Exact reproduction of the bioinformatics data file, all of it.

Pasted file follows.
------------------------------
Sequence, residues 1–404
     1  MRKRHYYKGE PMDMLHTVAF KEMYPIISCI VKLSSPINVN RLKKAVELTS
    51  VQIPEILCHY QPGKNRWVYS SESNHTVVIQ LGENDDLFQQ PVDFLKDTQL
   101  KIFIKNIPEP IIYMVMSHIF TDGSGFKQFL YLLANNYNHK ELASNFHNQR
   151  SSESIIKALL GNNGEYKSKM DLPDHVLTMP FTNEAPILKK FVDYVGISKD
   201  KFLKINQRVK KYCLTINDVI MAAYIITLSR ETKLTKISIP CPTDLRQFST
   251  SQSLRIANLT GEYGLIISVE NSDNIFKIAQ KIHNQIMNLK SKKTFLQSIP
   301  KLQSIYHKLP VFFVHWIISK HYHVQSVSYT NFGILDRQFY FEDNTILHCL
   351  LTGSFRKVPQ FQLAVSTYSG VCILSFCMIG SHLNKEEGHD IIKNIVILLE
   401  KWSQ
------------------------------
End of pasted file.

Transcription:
Sequence, residues 1–404
     1  MRKRHYYKGE PMDMLHTVAF KEMYPIISCI VKLSSPINVN RLKKAVELTS
    51  VQIPEILCHY QPGKNRWVYS SESNHTVVIQ LGENDDLFQQ PVDFLKDTQL
   101  KIFIKNIPEP IIYMVMSHIF TDGSGFKQFL YLLANNYNHK ELASNFHNQR
   151  SSESIIKALL GNNGEYKSKM DLPDHVLTMP FTNEAPILKK FVDYVGISKD
   201  KFLKINQRVK KYCLTINDVI MAAYIITLSR ETKLTKISIP CPTDLRQFST
   251  SQSLRIANLT GEYGLIISVE NSDNIFKIAQ KIHNQIMNLK SKKTFLQSIP
   301  KLQSIYHKLP VFFVHWIISK HYHVQSVSYT NFGILDRQFY FEDNTILHCL
   351  LTGSFRKVPQ FQLAVSTYSG VCILSFCMIG SHLNKEEGHD IIKNIVILLE
   401  KWSQ